Adopting and Living a More Sustainable Lifestyle

Adopting and Living a More Sustainable Lifestyle

A recent (4 May 2019) article in The Observer newspaper, detailed some of the changes that a Quaker couple in Bournville, Birmingham have made to their lifestyle in order to live more sustainably.

Harriet and Chris Martin are now in their mid-70s. In part, they felt a degree of guilt for what their generation had done to the planet, and for passing on to future generations a damaged world. However, being Quakers, it was important to them for faith to translate into action.

True godliness don’t turn men out of the world, but enables them to live better in it, and excites their endeavours to mend it…” William Penn, 1682

In 2008 they decided to downsize. They bought a 1932 semi-detached house in the Bournville Village Trust area, and were determined to find out just how sustainable they could make their lives. In terms of the house itself they took responsibility for installing the following:

  • Cavity wall insulation
  • Condensing boiler
  • Double glazing
  • Floor insulation
  • Loft insulation
  • Low energy appliances
  • Low energy lighting
  • Solar PV panels (mostly on a pergola)
  • Solar water heating
  • Water saving devices
  • Wood stove

The outlay for these improvements was £46,616, and their total annual carbon footprint saving has been professionally assessed at 85%. (If their annual fuels bills were £1,500, then, excluding the now former feed-in tariff, it would take between 36 and 37 years to break even. In this respect, it could be seen that they would be leaving behind them a positive, instead of a negative, legacy.)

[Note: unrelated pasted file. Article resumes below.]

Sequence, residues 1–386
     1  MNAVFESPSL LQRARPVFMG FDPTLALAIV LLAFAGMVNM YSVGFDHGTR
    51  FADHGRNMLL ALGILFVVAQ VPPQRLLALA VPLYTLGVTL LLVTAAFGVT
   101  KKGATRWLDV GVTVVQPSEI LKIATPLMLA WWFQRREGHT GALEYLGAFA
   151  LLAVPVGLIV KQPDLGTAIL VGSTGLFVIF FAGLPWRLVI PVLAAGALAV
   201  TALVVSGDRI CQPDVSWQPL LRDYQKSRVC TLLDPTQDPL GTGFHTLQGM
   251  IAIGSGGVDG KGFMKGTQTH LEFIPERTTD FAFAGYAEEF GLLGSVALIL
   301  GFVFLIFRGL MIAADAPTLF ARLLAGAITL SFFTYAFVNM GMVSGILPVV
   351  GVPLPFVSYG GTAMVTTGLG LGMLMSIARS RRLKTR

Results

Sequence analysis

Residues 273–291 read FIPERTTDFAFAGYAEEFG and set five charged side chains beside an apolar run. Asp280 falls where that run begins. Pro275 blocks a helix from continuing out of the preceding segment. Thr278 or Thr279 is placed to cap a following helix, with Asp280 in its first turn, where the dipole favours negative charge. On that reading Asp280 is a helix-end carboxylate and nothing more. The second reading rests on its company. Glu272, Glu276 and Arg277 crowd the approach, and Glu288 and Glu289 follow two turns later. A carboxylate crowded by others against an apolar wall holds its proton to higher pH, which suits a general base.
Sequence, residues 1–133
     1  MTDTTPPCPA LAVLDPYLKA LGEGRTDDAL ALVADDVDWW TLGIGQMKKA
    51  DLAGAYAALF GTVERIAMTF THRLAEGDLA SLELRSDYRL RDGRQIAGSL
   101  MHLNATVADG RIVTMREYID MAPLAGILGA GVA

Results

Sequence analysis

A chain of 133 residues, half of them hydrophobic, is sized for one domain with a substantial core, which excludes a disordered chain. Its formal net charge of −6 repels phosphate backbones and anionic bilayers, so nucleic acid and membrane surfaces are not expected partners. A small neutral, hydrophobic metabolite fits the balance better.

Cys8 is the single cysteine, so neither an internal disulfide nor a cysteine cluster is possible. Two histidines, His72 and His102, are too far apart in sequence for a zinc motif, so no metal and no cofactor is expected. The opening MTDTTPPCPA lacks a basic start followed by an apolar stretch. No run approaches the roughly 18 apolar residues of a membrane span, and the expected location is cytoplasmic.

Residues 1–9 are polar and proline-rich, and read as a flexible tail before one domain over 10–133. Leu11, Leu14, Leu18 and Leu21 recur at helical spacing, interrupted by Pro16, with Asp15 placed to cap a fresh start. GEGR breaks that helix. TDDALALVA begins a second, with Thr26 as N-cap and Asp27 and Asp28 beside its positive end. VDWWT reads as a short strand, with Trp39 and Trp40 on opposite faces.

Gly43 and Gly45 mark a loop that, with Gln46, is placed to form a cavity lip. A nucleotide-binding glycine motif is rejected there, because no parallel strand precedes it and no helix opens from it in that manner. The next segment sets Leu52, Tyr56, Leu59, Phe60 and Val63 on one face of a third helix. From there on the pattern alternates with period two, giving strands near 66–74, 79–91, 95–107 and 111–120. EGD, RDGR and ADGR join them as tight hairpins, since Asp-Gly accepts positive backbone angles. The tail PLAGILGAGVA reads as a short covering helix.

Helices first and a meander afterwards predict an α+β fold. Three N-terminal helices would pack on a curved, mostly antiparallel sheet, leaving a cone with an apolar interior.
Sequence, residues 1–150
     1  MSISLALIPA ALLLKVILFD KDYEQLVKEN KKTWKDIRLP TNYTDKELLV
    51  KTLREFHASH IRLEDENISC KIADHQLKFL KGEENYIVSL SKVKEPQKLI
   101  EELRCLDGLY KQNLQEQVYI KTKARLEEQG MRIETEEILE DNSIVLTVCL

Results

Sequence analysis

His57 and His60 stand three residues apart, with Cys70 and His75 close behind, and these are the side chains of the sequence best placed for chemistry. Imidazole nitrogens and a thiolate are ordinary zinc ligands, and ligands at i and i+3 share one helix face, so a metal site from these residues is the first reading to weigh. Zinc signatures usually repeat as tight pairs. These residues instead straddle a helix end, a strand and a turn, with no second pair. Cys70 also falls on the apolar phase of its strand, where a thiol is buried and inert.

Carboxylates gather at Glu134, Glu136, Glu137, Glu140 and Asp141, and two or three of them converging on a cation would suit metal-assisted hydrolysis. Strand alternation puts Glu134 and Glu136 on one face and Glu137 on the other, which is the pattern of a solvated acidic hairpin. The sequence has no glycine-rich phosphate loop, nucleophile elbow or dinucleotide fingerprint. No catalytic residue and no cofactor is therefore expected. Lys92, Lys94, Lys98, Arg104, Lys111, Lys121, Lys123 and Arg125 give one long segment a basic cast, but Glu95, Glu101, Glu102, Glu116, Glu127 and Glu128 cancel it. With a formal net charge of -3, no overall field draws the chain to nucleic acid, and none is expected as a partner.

However, things did not stop there. Even though they own a car, they rarely drive, preferring to walk when they can, or take the bus. They avoid air travel, travelling  by train instead.

They changed their diet so that they are between 60 and 70 per cent vegan, and the rest vegetarian. In a 2014 US study published in the Journal Proceedings of the National Academy of Sciences, beef

“… requires 28 times more land to produce than pork or chicken, 11 times more water and results in five times more climate-warming emissions. When compared to staples like potatoes, wheat, and rice, the impact of beef per calorie is even more extreme, requiring 160 times more land and producing 11 times more greenhouse gasesThe Guardian, 21 July 2014.

Harriet and Chris grow a lot of their own fruit and vegetables on an allotment, and eat seasonally. They also bake their own bread.

They mend their own clothes and furniture. When some or other item is required, they try to borrow it from a neighbour, or else buy it from a charity shop, or request it on Freecycle or Freegle.

They choose to bank with Triodos Bank. Based in the Netherlands, the Triodos Bank attempts to behave as ethically and sustainably as possible. In particular, the bank refuses to lend to “all organisations, businesses and activities that produce or distribute nuclear energy, weapons, fur, pornography and environmentally hazardous substances.

According to Harriet, the process “… has been an enjoyable challenge, educating myself and adapting my lifestyle. It’s fun.”

Harriet and Chris have taken one more step. Recognising that the action of two people alone will change little, they have been willing to open their house and their lifestyle to public scrutiny in order to encourage, and inspire, other people to consider what, if any, changes they wish to make to their own lifestyles. 

…be patterns, be examples in all countries, places, islands, nations, wherever you come, that your carriage and life may preach among all sorts of people, and to them; then you will come to walk cheerfully over the world, answering that of God in every one.” George Fox, 1656, from a Launceston prison, Cornwall.

This article was suggested by Hugh Miall, Canterbury Meeting.